ECONOMY

Another good year for marinas as demand rises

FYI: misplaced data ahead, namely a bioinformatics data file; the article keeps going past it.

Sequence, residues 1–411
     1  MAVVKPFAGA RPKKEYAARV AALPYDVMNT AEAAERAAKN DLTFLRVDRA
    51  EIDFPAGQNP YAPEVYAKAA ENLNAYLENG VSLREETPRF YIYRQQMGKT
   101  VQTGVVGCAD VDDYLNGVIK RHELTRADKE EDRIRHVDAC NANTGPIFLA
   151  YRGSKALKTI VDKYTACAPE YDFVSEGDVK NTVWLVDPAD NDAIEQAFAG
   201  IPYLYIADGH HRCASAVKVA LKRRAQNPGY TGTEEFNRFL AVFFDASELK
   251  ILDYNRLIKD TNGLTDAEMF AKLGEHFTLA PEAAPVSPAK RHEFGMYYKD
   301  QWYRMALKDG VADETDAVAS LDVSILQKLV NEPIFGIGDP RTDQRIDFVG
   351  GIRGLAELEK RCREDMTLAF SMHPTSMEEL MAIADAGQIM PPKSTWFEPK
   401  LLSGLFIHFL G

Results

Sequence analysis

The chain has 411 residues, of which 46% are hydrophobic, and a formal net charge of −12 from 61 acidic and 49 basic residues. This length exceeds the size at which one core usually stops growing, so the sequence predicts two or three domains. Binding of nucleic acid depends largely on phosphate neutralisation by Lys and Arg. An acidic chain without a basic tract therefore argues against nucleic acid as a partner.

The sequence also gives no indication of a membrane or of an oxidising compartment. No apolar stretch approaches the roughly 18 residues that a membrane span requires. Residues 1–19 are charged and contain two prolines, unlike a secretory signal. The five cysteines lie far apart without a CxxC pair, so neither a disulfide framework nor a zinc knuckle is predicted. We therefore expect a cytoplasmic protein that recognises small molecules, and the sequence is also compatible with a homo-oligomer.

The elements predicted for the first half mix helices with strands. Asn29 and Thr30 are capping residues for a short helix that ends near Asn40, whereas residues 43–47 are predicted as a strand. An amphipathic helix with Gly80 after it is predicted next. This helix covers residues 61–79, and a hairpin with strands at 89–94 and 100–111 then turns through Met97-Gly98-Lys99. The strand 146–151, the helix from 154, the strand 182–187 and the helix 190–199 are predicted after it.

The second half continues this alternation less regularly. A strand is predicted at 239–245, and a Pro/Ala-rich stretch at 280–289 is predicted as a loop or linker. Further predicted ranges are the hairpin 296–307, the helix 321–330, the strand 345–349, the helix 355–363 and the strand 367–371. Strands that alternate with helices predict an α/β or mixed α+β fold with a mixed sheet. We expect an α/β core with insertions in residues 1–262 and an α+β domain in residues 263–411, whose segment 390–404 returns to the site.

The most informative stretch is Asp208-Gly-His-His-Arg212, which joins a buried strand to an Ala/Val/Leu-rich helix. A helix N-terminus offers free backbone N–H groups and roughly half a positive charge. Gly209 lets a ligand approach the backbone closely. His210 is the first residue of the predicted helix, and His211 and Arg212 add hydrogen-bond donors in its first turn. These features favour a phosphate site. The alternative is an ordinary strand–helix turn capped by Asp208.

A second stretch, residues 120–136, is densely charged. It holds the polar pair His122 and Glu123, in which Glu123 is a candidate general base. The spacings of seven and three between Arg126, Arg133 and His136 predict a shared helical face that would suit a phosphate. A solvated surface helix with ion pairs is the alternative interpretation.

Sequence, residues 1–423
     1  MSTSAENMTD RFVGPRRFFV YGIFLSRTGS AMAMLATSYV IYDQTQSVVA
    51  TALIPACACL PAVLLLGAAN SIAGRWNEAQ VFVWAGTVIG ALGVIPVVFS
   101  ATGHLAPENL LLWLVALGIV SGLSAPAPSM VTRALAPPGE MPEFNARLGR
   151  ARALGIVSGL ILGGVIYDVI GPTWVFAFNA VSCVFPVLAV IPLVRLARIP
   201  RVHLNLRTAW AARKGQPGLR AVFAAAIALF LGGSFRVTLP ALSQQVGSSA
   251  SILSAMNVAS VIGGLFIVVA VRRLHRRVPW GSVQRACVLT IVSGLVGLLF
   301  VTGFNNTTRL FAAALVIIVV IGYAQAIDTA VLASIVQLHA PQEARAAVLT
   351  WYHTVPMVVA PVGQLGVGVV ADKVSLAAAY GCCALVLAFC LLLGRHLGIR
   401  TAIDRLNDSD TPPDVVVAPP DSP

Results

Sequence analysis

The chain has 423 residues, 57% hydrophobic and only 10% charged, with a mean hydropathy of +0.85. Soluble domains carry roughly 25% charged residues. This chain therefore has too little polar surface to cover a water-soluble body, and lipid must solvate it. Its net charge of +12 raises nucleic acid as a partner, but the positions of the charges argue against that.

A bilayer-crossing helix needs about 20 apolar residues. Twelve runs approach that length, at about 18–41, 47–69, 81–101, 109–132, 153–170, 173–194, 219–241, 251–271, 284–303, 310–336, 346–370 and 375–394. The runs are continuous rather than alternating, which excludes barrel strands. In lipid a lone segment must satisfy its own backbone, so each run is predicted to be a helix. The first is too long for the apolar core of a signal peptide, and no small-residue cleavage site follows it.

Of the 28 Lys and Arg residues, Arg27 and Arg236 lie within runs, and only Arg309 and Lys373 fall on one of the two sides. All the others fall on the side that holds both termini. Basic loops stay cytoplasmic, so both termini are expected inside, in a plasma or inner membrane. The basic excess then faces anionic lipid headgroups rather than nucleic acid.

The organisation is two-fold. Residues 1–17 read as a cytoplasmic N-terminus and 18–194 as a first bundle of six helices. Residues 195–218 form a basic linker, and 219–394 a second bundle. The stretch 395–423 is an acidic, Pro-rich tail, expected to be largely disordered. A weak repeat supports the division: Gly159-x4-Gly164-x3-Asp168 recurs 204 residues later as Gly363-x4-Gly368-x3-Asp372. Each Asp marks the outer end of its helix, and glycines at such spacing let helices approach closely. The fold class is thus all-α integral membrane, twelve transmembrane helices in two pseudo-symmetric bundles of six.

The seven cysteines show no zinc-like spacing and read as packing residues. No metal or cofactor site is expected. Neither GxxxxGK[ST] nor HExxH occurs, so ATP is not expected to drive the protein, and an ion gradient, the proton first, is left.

As Greece increasingly becomes a highly popular international tourism destination, the current economic conditions offer good growth prospects for domestic marina operators, according to the findings of a study by Hellastat SA. The successful hosting of the 2004 Athens Games has certainly contributed to these results, along with a strong advertising campaign launched by the country’s Tourism Ministry and through participation in international tourism exhibitions and events. Officials from the marina operation sector described 2006 as a positive year, having recorded higher sea tourism business and greater numbers of vessels at most mooring facilities. Higher demand came primarily from professional yachting – with sailing boat chartering in Greece becoming increasingly popular in markets such as UK, Netherlands, Germany and Sweden – as well as from large privately owned yachts. According to the Hellenic Professional Yacht Owner Association (EPEST), sales in the chartering segment of vessels with a capacity up to 49 passengers in 2006 rose 100 percent to 150 percent, compared to 2005. In contrast, crewed boat and motorship chartering recorded a lesser rate of growth, at 15 percent to 25 percent. Services offered by a small number of privately operated Greek marinas are almost equal in standard to those of their direct competitors in the Adriatic and Eastern Mediterranean, mainly Croatia, Italy and Turkey. Though these countries do not boast the extensive coastlines and numerous islands of Greece, they have built more marinas and offer services of a higher quality. Marinas in competitor countries focus especially on customer reception services and on well-designed sales and promotion models. Croatia, for instance, regarded as Greece’s most serious competitor, currently operates as many as 50 marinas with a total capacity of 13,200 berths plus an additional 4,500 wintering places. A number of effective sea tourism programs and investments have also been implemented in Turkey in recent years. Throughout Greece, there are more than 1,250 ports of all types and classes, but marinas number no more than 30, including those operated by private companies. In addition, state-run marinas are hard to modernize and upgrade, primarily on account of their complex operating system. However, according to Hellastat’s study, a favorable outlook for marinas and sea tourism may be assisted by certain conditions and developments currently facilitating investments in the sector. These include programs for the promotion of alternative forms of tourism, aimed at differentiating Greece’s tourism product from that of its competitors, as well as at extending the tourism season to 12 months a year. In addition, there are certain actions, currently at the planning stage, to further develop sea tourism and upgrade port and marina facilities around the country. Against this background, a -3 billion Funding Protocol was signed in June 2005 between Greece’s Merchant Marine Ministry and the European Investment Bank (EIB). The funds will be used specifically for projects to upgrade port and harbor facilities in the period 2005-2015. According to the latest financial results of the 13 Greek companies operating in this field, 11 firms posted an increase in turnover, pushing the sector’s average growth rate to 19 percent. However, in terms of operating and net results, most suffered losses as a result of high administrative and financial expenses.